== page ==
By Will Boggs MD
NEW YORK—Esketamine nasal spray, added to oral antidepressant treatment, helps to prevent relapse in patients with treatment-resistant depression, according to results from the SUSTAIN-1 randomized trial.
"Esketamine nasal spray is the first approved antidepressant in decades with a new mechanism of action," Dr. Ella J. Daly from Janssen Research and Development, in Titusville, New Jersey, told Reuters Health by email. "Given that approximately one-third of patients with major depressive disorder (MDD) do not respond to currently available antidepressants, it is important to have new treatment options for patients with treatment resistant depression."
Several short-term studies have demonstrated efficacy of racemic ketamine and its stereoisomer esketamine for treatment-resistant depression, but little is known about whether it maintains its antidepressant effects in the long term.
Dr. Daly and colleagues assessed the efficacy of esketamine nasal spray plus an oral antidepressant versus an oral antidepressant plus placebo nasal spray in delaying relapse of depressive symptoms in patients with treatment-related depression (TRD) who achieved stable remission on esketamine nasal spray and the oral antidepressant. Patients were randomized to continue esketamine nasal spray or switch to placebo after week 16.
Among 176 patients (59%) with stable remission, 24 (26.7%) of the 90 randomized to esketamine and 39 of the 86 (45.3%) randomized to placebo experienced a relapse event during the maintenance phase (P=0.003), the researchers report in JAMA Psychiatry, online June 5.
Similarly, among 121 patients (41%) who achieved a stable response but not remission, 16 esketamine patients (25.8%) and 34 placebo patients (57.6%) experienced relapse during the maintenance phase (P<0.001).
This corresponded to decreases in relapse risk of 51% among patients who achieved stable remission and 70% among patients who achieved stable response.
Most relapses among patients who achieved stable remission and were switched to placebo (19/39) occurred in the first month after discontinuation of esketamine treatment, and 11 of these 19 early relapses occurred in patients who had required weekly treatment administration in the last four weeks of the optimization phase before randomization.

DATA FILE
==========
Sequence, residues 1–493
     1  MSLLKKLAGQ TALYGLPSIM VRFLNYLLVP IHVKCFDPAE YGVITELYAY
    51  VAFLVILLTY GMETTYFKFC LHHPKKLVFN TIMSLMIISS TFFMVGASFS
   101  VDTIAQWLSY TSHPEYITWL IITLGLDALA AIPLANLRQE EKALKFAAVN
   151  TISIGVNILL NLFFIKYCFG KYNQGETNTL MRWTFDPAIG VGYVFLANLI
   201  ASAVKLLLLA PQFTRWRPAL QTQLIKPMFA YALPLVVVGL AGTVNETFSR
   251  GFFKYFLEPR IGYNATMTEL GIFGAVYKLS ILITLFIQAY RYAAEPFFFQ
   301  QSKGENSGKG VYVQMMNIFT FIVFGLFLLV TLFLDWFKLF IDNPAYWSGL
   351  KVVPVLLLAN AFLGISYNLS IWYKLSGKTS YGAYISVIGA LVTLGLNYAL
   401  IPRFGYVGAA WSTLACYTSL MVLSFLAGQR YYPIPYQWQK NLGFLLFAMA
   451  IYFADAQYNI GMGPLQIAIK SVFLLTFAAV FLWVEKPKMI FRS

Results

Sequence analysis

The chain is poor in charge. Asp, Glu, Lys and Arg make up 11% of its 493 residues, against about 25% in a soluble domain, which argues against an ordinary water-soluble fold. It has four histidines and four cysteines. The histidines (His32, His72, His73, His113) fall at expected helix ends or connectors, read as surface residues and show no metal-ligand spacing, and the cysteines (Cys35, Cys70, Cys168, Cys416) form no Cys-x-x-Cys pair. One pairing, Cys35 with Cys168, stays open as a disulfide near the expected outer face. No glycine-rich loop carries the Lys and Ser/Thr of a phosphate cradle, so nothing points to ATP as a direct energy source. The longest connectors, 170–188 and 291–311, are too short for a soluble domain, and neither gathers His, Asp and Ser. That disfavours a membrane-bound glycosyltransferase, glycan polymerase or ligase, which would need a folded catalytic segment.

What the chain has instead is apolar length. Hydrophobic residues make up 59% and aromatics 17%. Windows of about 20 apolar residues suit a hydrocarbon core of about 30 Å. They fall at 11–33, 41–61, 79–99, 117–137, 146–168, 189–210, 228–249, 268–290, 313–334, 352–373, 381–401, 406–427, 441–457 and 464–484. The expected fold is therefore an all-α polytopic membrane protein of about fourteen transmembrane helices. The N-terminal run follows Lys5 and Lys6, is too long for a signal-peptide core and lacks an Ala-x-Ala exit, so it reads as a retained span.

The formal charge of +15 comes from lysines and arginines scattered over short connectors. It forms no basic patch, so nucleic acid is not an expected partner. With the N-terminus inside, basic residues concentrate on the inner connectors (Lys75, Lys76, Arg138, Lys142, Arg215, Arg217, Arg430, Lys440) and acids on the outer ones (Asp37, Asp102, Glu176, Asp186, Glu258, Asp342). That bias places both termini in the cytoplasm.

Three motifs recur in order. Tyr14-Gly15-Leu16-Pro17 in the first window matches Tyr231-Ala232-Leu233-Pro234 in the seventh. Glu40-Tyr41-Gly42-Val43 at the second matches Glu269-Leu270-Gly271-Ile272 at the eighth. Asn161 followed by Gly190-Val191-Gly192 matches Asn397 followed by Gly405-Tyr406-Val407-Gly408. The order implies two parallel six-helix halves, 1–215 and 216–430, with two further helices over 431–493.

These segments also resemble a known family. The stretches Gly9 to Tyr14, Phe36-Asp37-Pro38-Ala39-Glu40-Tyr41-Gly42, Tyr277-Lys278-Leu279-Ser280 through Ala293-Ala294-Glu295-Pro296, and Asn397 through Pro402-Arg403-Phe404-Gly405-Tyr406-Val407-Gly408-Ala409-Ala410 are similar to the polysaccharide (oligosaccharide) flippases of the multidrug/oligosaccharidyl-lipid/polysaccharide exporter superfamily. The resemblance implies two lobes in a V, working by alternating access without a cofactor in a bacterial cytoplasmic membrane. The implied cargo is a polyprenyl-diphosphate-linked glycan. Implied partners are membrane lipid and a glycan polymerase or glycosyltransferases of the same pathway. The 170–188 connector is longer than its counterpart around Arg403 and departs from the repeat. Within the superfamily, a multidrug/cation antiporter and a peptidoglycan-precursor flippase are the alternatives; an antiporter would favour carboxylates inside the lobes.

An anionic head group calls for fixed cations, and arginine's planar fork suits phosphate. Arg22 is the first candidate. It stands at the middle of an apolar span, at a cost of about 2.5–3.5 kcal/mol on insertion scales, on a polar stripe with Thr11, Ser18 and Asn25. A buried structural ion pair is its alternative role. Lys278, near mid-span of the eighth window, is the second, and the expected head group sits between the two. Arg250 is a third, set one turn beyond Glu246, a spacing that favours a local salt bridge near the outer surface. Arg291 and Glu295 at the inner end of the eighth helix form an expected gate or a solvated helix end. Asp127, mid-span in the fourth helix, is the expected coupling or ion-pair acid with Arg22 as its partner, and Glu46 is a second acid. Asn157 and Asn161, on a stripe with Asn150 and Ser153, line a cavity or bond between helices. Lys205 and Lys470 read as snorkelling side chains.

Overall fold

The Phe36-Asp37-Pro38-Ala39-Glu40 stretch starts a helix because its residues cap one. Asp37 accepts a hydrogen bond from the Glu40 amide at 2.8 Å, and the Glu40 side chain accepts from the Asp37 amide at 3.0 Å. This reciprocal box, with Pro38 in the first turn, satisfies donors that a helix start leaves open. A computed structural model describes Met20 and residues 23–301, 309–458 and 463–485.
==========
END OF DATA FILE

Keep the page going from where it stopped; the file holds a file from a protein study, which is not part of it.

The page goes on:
Adverse events were much more common in the esketamine group than in the placebo group, but most were mild to moderate, observed after dosing, and generally resolved in the same day.
"The data from this SUSTAIN-1 study and the recently published short-term Transform 2 study provide evidence of clinically meaningful short- and long-term efficacy when esketamine is used in combination with a newly initiated oral antidepressant in this difficult-to-treat population," Dr. Daly concluded.
Dr. Kenji Hashimoto from Chiba University Center for Forensic Mental Health, in Chiba, Japan, who has studied the antidepressant effects of ketamine and its two enantiomers, told Reuters Health by email, "Since there are no maintenance antidepressant drugs for TRD, it is noteworthy that esketamine nasal spray is the only FDA-approved drug for TRD. However, the efficacy of esketamine nasal spray was not potent because only 2 of 5 phase 3 trials were positive."
"Importantly, it seems that intravenous (IV) racemic ketamine (off-label in USA) may have more potent antidepressant actions than esketamine nasal spray since racemic ketamine has equal amount of arketamine (the R-enantiomer of ketamine) and esketamine," he said.
"Because of the risk of serious adverse outcomes resulting from sedation and dissociation caused by esketamine administration, and the potential for abuse and misuse of the drug, it is only available through a restricted distribution system, under a Risk Evaluation and Mitigation Strategy (REMS)," Dr. Hashimoto explained.
He also disclosed that he has been working with Perception Neuroscience in New York to develop arketamine "as a novel antidepressant without the side effects of ketamine and esketamine."
Janssen funded the study and employed more than half of the authors of the new report.
JAMA Psychiatry 2019.
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